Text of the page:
Sixteen-year-old Morsal was asleep when the news broke last Friday.
When she woke up, she said, her younger sister rushed to tell her: “Have you heard? Schools are open again.”
It’s been weeks since their school in Kabul, Afghanistan, has been shut down amid the pandemic and the war, and so, this came as welcome news.
But for Morsal and her sister — whose full names aren’t being used to protect their safety — the joy was short-lived.
Since the Taliban’s takeover in the country, its Education Ministry has instructed boys from grades seven through 12 to go back to school, but it has made no mention of girls — and the future of education for millions of female students is unclear.
The Taliban’s announcement shocked many in Afghanistan. This past weekend, there were protests in cities like Kabul and Herat in the western parts of the country.
“You took away my country. Don’t take away my studies, too.”
“You took away my country,” women in Herat city chanted. “Don’t take away my studies, too.”
The demonstrations were small, however, — a number of Afghans told The World they were too scared to show up because the Taliban have been flogging and arresting those in attendance.
The Taliban have banned unauthorized protests. And they don't give permission for anti-Taliban protests.
Morsal said no one had ever told her she can’t study.
“I want to know why boys can go back to school and follow their dreams and I can’t?” said Morsal, who added that she cried for hours after learning that girls are being excluded from school.
Morsal, who has only one year of high school left, wants to be a graphic designer. Now, she says, everything is on hold.
Another female student in Kabul, Nasiba, who is 10 years old, said the Taliban can’t just imprison women and girls at home.
“They must understand that this country won’t prosper without women,” she said.
Nasiba wants to become a doctor, and she doesn’t want to study at home.
“I want to be with my friends and teachers,” she said. “I want to be brave.”
“The situation is very upsetting. The Taliban are silencing and eliminating Afghan women from public life.”
“The situation is very upsetting,” said one school principal in Kabul, who asked not to be named for safety reasons. “The Taliban are silencing and eliminating Afghan women from public life.”
Normally, she oversees 8,000 students in Kabul. Middle and high school girls make up 6,000 of them, she said.
Her students have been calling her, trying to make sense of what is happening.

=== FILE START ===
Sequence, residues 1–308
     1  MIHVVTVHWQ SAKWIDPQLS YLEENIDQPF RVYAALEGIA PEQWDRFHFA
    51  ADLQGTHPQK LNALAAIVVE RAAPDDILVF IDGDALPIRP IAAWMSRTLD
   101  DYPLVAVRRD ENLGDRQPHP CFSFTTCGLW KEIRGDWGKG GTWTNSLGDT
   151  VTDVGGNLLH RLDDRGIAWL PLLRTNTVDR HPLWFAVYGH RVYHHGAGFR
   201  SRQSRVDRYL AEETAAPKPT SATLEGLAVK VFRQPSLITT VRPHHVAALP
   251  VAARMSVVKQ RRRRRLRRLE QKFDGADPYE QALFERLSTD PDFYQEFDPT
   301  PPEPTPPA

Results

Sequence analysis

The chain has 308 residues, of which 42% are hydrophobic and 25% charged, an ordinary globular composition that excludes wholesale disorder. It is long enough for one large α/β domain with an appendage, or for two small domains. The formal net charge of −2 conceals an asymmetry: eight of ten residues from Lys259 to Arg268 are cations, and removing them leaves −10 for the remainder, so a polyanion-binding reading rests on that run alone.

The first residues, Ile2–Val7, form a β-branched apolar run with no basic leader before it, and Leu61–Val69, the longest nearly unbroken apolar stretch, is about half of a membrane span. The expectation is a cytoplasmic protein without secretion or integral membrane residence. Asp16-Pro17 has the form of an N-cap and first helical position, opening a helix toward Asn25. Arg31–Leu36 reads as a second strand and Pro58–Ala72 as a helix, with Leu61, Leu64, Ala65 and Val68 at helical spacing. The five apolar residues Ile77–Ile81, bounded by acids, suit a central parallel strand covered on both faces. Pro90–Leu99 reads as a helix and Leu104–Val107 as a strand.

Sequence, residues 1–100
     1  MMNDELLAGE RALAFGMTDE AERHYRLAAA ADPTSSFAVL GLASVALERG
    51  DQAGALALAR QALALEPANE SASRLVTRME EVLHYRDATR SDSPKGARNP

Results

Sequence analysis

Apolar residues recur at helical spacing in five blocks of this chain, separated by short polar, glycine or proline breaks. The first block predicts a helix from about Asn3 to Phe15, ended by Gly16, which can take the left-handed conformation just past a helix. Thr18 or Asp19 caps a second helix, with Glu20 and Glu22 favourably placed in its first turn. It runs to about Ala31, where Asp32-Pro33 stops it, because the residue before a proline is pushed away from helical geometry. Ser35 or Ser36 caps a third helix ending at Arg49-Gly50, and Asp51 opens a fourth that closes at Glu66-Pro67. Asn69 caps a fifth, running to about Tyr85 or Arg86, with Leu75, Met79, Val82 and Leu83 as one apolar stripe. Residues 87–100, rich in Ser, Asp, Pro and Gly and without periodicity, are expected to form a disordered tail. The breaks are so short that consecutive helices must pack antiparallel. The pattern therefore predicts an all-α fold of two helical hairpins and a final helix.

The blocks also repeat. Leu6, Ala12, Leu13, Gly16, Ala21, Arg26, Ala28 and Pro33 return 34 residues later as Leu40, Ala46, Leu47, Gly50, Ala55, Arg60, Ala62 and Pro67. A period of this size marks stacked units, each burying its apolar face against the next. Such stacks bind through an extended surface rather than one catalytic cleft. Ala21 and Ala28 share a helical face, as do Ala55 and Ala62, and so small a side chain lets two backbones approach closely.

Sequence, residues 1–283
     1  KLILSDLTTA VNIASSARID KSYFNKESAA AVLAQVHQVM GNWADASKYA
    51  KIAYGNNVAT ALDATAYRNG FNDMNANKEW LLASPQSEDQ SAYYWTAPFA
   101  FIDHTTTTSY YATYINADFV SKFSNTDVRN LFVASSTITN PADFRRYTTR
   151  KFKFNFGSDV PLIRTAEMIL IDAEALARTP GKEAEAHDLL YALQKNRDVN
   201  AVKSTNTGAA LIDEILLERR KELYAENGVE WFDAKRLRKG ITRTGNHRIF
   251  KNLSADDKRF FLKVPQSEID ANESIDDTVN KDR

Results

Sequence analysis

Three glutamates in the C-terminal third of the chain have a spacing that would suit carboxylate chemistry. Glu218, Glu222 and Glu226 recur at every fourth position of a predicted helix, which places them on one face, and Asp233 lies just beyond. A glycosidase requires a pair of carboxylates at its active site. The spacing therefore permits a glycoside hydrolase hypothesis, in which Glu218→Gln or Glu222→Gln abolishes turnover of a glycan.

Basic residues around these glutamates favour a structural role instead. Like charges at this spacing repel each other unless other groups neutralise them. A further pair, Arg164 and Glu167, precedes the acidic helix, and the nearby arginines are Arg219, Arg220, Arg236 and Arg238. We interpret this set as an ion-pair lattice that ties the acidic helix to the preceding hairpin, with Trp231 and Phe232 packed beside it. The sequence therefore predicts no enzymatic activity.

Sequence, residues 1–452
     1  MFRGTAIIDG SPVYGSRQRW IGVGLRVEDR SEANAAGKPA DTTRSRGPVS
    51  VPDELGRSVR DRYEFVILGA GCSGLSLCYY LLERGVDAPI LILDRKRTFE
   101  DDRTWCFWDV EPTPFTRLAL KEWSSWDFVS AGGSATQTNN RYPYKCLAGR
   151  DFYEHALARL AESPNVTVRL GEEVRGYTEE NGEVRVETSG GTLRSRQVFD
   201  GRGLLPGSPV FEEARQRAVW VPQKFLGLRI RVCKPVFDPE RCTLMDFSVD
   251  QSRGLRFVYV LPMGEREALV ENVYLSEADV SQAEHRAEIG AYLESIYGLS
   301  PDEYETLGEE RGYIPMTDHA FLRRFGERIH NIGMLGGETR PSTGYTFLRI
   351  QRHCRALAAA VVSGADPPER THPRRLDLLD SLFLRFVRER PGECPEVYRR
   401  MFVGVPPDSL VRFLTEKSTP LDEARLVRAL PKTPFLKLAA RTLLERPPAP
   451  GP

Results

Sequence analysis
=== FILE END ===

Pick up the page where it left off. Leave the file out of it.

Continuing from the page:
She said she tells them to be patient, but she is worried, too.
“I don't know what plans they have for female students in the future but in the past they were against women studying and working,” she said.
The principal has four daughters. One of them, who’s out of school now, came to visit her on Friday.
She said her daughter told her: “Mom, if I leave Afghanistan, I don’t ever want to come back. This country places no value on me as a woman.”
Her daughter’s words were really painful, the principal said, wiping away her own tears.
Saeed Khosti, a member of the Taliban’s cultural commission, told Afghanistan’s Tolo News that girls weren’t banned from school.
“There are just some technical issues that need to be solved.”
“There are just some technical issues that need to be solved,” he said.
But many Afghans say they don’t buy this.
They say that Friday’s news is the latest in a series of moves by the Taliban that have sidelined women. For many, all of this is in line with the brutal way the group governed Afghanistan the last time it was in power.
“Everything has changed,” the school principal said. “We are going back to the 1990s.”
Recently, the Taliban shut down the Ministry of Women’s Affairs and replaced it with the much-feared Ministry for Propagation of Virtue and Prevention of Vice.
During the Taliban’s previous reign, the ministry charged the so-called morality police with enforcing its strict interpretation of Islamic religious law, known as Sharia.
Women were beaten for dressing “immodestly” or going outside without a male guardian.
Also, rules about whether female employees can go back to work have been vague and constantly shifting.
On Sunday, Kabul interim Mayor Hamdullah Namony said that women municipal workers in Kabul should stay home unless they hold “positions that men could not fill or that were not for men.”
Those jobs include some in the design and engineering departments and the attendants of public toilets for women. Namony did not say how many female employees were forced to stay home.
The Taliban have also ordered that university students be segregated by gender.